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Swedish guys terrorize brutalize sodomize - 79%

Felix 1666, October 17th, 2020
Written based on this version: 2007, CD + DVD, Metal Blade Records (Limited edition)

Sorry, I’m dead. I was on my way home, everything seemed to be peaceful and I wanted to write just another little review. But all of a sudden, a massive rock with a weight of ten tons fell out of great heights and killed me. Tough luck, it had been nice to be part of the M-A community.

…sorry once again, right now I have realized that I am still living. The massive rock that hit me was no rock, but “Terrorize Brutalize Sodomize”. This outburst of violence has the same effect. Vomitory, the epitome of furious Swedish death metal, dish up an opener that seems to catapult the listener straight to his or her personal Armageddon. Of course, machine gun fire drums and a bomb carpet of guitars is nothing extraordinary in terms of pretty extreme death metal, but the material of Vomitory always seems to be more intensive than that of the myriads of their competitors, within and outside their death-affine home country. This is the first feature that distinguishes them from stylistically comparable gangs. The second one is their instinct for hellish harmonies which are created on the most brutal sounding guitars. Unfortunately, they are not generous with this feature on “Terrorize Brutalize Victimize”.

Of course, “Scavenging the Slaughtered” combines the trademarks of the band very excitingly and it almost goes without saying that there are no rotten eggs among the ten pieces. Moreover, it is fun to realize the spiritual bond between Vomitory and Bolt Thrower which is brought to light by the first tones of “March Into Oblivion”. They do not send greetings to the British legend for the first time, just remember “Eternity Appears” from “Blood Rapture”. No doubt, if Jo Bench listens to this album while drinking her daily tea in the afternoon, she will realize her sympathy for “Terrorize Brutalize Don’t Tell Lies” very quickly. Yet still something is missing compared with their masterpieces from 1999, 2001 and 2002. The last ounce of compositional excellence is missing.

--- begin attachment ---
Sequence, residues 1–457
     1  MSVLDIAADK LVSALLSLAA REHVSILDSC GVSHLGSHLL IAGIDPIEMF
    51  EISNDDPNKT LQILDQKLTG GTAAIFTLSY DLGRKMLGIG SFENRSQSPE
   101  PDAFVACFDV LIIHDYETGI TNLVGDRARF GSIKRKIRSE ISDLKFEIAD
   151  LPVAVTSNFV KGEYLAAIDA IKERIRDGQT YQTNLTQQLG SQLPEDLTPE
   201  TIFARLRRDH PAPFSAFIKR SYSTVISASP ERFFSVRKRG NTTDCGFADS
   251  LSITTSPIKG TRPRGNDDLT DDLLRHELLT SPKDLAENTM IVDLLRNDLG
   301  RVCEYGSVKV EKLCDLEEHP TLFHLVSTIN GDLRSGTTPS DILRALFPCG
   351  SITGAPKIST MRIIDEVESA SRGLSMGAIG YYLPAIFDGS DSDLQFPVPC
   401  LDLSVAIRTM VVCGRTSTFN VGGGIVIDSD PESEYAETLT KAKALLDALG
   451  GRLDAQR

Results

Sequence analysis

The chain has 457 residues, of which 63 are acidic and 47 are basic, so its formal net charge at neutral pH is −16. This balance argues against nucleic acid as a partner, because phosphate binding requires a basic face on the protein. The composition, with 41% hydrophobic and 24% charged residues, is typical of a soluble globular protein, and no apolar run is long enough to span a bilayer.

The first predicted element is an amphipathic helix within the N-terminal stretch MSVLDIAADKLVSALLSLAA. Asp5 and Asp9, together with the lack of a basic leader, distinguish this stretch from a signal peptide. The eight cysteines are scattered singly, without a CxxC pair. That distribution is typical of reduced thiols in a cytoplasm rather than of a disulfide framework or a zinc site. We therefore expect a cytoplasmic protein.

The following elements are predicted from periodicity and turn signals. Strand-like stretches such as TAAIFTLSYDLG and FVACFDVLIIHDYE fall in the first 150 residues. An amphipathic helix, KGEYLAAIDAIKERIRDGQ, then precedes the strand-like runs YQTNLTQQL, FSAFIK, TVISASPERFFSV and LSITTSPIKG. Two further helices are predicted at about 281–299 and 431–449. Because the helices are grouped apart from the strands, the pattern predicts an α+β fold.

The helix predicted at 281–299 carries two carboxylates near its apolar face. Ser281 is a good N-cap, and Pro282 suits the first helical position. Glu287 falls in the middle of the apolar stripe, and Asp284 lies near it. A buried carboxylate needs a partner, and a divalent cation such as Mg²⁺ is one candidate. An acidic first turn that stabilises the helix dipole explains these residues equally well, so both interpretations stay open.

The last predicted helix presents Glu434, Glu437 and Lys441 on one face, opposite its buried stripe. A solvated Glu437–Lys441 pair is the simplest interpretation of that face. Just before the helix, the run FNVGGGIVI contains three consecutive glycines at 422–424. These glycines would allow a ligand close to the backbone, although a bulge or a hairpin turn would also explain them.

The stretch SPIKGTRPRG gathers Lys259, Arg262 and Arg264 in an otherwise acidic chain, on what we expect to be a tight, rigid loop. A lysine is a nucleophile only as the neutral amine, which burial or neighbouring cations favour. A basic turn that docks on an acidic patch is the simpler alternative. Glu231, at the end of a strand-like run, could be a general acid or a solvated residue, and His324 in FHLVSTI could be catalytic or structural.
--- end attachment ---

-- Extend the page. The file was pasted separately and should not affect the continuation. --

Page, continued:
The sepulchral voice of Erik Rundqvist lacks diversity, but I don’t think that this is a problem for any true death metal maniac worldwide. Of higher relevance is that Vomitory always find the perfect balance between technical precision and juvenile rumbling. Additionally, they profit from the full, direct and voluminous sound. I guess it is no surprise that the production of a more or less well known Swedish death metal horde does not lack power. However, this high-quality sound deserves to be mentioned.

Vomitory slice, hack and grind through the ten songs and while doing so, they show their integrity and conviction. No fan will be disappointed when listening to “Terrorize Brutalize in Your Holes I Push Some Mice”. The four-piece plays in its own league, a league that Grave and Entombed left after their debuts, a league that second tier bands like Entrails will never reach. Even a dragging and not overly thrilling piece like “Whispers from the Dead” has more charm than comparable songs of the bands with a similar approach. And believe me, the corpses have to whisper pretty loudly in order to be heard during this celebration of elemental forces that Vomitory offer – especially during the following “Heresy” and “Flesh Passion”. They pummel the audience with an insane degree of brutality. Honestly speaking, I don’t like the genre-typical “aesthetics” which is reflected in the blood-soaked booklet, but I confirm that this kind of music justifies the visual concept to a certain extent. Thus, I recommend “Terrorize Brutalize Bloody Cries” and if the re-united dudes decide to record a new studio album, I will be back here – or I’m dead.